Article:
A few years ago my sister wanted to leave 3 for Giffgaff. She was very clear to the retentions bird that she wanted to leave, that she'd found a better deal elsewhere, and that she wanted her PAC. 3 kept offering her different packages at different pricing levels (which, to be fair, were fairly generous for 3 at the time) but none of them satisfied her requirements or price point like the £10 GG did (with its unlimited internet at the time).

At one point, she was put on hold whilst the retentions woman looked up Giffgaff, and when she came back, outright told my sister she was LYING about the deal she was moving to, and that she'd be paying £25/mo for what she claimed. She literally could not accept she had a customer who wanted to leave.

It eventually turned into my sister just repeating "No, thank you - I'd just like my PAC". 3 eventually gave up after just under 45 minutes...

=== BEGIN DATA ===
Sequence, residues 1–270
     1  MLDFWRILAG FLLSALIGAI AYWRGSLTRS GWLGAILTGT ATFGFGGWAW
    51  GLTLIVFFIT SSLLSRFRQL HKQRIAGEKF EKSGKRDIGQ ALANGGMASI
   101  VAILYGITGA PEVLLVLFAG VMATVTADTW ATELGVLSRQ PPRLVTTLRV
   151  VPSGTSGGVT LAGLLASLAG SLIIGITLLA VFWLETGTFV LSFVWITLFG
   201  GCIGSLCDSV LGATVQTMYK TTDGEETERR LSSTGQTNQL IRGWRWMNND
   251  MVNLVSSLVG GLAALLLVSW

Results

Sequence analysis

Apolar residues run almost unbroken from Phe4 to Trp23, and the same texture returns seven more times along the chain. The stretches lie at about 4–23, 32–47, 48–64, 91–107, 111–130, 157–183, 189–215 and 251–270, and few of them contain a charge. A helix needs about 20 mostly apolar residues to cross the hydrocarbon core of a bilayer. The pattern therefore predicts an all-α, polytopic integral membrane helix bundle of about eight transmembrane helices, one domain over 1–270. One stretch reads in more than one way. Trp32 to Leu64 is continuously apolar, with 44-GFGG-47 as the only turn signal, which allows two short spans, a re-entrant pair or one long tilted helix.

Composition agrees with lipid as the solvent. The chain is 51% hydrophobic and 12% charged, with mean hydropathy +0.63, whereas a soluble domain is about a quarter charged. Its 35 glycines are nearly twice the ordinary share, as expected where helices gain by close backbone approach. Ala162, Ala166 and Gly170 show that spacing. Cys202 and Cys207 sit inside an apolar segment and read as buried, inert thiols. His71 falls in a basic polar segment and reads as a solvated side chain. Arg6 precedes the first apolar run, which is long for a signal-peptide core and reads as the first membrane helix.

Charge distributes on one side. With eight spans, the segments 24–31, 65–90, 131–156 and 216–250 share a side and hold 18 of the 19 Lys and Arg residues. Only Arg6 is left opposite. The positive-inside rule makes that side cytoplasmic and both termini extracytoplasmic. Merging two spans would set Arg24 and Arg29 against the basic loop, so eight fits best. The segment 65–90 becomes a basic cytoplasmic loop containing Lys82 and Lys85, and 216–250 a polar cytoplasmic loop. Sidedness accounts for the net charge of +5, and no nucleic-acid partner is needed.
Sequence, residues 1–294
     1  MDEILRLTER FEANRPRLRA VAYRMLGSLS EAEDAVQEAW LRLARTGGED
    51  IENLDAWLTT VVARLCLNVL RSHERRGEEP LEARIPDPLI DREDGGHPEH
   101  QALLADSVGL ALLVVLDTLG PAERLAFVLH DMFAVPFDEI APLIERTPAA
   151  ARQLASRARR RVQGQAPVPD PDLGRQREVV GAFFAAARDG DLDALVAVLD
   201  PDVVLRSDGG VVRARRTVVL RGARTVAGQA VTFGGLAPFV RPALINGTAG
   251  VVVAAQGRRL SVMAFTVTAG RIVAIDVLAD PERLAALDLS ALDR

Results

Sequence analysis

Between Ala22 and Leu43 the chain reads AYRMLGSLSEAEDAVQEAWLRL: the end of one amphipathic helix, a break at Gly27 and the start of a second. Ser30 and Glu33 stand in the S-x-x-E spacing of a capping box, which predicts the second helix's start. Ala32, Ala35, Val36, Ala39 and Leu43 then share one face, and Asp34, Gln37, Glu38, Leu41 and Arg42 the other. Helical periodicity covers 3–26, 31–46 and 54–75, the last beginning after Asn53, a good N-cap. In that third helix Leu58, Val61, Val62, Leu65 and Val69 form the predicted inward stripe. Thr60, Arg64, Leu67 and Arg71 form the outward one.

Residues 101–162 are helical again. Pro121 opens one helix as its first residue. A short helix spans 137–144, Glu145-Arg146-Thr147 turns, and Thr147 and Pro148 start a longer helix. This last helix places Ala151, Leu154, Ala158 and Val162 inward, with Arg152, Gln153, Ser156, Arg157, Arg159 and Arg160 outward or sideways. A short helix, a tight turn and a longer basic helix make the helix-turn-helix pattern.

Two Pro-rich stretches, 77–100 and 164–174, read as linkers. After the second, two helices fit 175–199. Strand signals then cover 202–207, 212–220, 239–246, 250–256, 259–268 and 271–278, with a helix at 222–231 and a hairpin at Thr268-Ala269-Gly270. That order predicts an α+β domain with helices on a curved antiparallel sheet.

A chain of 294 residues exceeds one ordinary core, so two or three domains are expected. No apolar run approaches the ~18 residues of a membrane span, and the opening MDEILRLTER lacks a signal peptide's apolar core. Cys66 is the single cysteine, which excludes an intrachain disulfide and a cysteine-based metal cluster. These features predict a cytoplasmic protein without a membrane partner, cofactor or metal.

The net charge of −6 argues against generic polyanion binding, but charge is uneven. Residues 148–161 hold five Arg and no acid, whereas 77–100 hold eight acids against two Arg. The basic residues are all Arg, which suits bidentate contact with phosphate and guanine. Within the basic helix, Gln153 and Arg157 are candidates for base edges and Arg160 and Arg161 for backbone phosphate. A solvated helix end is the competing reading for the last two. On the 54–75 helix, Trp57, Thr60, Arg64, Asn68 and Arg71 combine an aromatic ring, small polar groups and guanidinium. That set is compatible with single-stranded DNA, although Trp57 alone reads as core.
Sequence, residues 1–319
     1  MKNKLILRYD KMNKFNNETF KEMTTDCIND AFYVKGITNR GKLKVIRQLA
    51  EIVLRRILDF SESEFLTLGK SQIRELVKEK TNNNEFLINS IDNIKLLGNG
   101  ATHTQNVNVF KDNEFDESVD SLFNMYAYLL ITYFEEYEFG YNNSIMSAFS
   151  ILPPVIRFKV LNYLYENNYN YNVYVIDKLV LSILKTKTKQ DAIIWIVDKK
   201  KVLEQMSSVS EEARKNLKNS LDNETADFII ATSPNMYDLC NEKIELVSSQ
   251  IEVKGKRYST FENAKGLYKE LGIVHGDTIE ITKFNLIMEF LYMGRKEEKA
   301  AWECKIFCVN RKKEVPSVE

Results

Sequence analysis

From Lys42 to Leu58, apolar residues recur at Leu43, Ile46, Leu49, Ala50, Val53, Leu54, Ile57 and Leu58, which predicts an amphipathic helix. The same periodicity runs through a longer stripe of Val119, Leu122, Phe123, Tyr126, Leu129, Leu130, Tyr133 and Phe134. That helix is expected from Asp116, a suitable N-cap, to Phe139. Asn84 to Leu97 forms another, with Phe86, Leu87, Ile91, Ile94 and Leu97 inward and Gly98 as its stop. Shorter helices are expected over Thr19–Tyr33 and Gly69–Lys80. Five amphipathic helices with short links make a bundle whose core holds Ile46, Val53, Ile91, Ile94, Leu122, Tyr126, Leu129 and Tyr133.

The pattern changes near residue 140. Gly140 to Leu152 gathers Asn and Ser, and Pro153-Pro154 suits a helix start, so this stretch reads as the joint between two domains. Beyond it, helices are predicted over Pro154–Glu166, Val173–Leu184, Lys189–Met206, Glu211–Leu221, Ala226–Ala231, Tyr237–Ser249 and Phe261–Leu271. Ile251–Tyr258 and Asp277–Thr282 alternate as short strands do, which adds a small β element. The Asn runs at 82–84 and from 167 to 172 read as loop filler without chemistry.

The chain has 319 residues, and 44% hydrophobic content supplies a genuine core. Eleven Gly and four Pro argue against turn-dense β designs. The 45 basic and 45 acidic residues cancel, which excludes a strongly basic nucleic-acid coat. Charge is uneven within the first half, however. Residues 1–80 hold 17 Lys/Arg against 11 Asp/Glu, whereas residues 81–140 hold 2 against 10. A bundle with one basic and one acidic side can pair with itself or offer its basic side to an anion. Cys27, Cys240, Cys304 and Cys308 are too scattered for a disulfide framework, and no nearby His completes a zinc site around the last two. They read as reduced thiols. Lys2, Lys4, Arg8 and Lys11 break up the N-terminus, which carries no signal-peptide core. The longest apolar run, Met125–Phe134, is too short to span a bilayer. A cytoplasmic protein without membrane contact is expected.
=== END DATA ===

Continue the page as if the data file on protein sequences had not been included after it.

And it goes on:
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Re: Three

I've posted my Three retention story on The Reg in the past, but here it is again in case you missed it.

"First time I rang, 40 minutes I spent and they just refused to hand me over my PAC Code. After reading up this was the norm, I decided a new tactic, I decided to come up with a load of lies that even they couldn't argue with. I told them I was the new CEO for Vodafone Northern Ireland and because of that it would be bad for my staff to see me using a Three phone and I get all the latest Vodafone phones for free with no cost to me. Still they wouldn't give up, took another 20 minutes of them, then their manager before I could get my PAC Code. I reckon they were googling my name in the background to see if it was true."